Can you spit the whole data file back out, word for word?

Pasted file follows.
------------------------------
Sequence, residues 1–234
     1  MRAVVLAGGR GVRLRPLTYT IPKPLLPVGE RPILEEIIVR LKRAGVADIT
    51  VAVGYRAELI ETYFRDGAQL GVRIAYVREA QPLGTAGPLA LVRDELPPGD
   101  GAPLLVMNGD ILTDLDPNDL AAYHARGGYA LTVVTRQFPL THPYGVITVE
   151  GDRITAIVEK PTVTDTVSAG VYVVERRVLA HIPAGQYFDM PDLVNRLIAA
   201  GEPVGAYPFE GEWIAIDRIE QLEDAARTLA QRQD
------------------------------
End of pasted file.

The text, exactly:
Sequence, residues 1–234
     1  MRAVVLAGGR GVRLRPLTYT IPKPLLPVGE RPILEEIIVR LKRAGVADIT
    51  VAVGYRAELI ETYFRDGAQL GVRIAYVREA QPLGTAGPLA LVRDELPPGD
   101  GAPLLVMNGD ILTDLDPNDL AAYHARGGYA LTVVTRQFPL THPYGVITVE
   151  GDRITAIVEK PTVTDTVSAG VYVVERRVLA HIPAGQYFDM PDLVNRLIAA
   201  GEPVGAYPFE GEWIAIDRIE QLEDAARTLA QRQD